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So you want to live in Lapu-Lapu City?

Don’t. Our less-than-a-year-old TV set conked out last week after a power surge. The service of Mactan Electric Company (MECO, which at times may mean mediocre electric company) has become more erratic than it already is lately.

To be fair, Meco’s services have improved, albeit incrementally. Last year, whenever rains were particularly strong — the type when raindrops hitting your face actually hurt — you could expect a blackout to follow. This year, though, there are times when we still have power even during exceptionally heavy rains.

Unlike our more fortunate neighbors serviced by the Visayan Electric Co. (Veco) across the bridge, Lapu-Lapu residents do not get announcements of scheduled power interruptions. Veco makes it a point to place newspaper advertisements of schuled blackouts and go the rounds of radio stations to announce the scheduled power interruption.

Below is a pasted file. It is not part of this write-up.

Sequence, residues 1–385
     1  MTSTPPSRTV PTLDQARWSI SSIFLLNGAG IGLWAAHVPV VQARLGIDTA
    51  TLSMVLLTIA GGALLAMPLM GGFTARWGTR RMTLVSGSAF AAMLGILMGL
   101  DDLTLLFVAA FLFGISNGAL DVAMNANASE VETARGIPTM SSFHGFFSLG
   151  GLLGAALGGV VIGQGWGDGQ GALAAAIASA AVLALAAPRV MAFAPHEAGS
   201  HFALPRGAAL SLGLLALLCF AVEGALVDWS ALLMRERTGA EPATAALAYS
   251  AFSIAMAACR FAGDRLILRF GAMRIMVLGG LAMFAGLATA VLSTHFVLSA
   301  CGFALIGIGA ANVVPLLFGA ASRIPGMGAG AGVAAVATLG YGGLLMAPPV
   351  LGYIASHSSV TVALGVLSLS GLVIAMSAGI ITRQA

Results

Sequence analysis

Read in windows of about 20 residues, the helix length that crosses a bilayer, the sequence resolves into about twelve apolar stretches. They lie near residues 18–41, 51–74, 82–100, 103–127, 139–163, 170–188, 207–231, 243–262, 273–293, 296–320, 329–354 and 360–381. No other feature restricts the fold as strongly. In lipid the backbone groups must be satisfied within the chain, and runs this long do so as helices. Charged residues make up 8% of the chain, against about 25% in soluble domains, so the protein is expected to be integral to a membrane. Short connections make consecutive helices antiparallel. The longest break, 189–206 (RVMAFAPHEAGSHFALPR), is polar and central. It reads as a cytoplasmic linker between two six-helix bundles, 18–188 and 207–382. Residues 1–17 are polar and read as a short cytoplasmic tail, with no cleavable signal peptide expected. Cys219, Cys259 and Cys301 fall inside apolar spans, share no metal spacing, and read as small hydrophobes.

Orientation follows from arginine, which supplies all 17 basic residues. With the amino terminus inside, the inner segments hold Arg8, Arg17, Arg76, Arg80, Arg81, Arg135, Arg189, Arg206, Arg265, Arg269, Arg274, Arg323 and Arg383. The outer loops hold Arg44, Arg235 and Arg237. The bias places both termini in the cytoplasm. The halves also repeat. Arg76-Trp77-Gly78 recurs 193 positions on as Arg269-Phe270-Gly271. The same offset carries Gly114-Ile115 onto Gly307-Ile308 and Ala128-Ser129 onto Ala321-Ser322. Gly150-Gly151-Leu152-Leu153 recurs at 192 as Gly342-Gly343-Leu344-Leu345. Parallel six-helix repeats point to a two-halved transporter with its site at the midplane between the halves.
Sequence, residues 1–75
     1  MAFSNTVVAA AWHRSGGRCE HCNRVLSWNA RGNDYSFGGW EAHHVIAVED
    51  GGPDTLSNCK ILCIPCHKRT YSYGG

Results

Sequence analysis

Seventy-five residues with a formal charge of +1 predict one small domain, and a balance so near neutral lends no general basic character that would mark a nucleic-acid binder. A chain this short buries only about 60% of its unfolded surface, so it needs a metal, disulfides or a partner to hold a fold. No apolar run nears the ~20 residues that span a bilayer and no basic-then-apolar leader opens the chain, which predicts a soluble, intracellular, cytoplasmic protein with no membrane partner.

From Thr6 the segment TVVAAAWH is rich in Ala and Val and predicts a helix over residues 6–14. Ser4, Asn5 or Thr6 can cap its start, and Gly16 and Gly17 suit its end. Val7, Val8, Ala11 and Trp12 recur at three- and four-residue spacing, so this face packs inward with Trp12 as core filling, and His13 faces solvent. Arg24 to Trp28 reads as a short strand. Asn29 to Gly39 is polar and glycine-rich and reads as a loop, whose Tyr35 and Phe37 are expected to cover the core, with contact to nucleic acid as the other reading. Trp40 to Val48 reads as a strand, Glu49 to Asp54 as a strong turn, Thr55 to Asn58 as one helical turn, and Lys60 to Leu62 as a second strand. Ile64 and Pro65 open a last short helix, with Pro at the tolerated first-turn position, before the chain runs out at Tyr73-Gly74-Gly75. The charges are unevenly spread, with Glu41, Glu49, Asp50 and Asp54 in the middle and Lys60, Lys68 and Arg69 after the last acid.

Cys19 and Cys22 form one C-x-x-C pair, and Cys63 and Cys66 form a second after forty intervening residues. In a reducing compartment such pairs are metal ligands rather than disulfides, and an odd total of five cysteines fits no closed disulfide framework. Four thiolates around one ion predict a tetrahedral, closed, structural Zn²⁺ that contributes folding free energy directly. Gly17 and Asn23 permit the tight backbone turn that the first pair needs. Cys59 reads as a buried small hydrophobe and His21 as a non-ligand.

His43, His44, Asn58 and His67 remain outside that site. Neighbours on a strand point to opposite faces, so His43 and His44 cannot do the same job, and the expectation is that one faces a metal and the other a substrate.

Meco, on the other hand, doesn’t seem to care. I’ve never read nor heard announcements of scheduled blackouts from Meco. I suspect they don’t take the effort to announce scheduled power interruptions.

What I do, instead, is call Meco to ask whether there is a scheduled blackout in times when I absolutely have to use a computer: when I had classes for an online course I?m taking or when I have work deadlines.

I envy residents serviced by Veco. Not only does Veco take customer relationships seriously, it also has advance facilities to deal with subscribers.

By Max Limpag

Max is a journalist and blogger based in Cebu City, Philippines. He is co-founder of the journalism start-up InnoPub Media.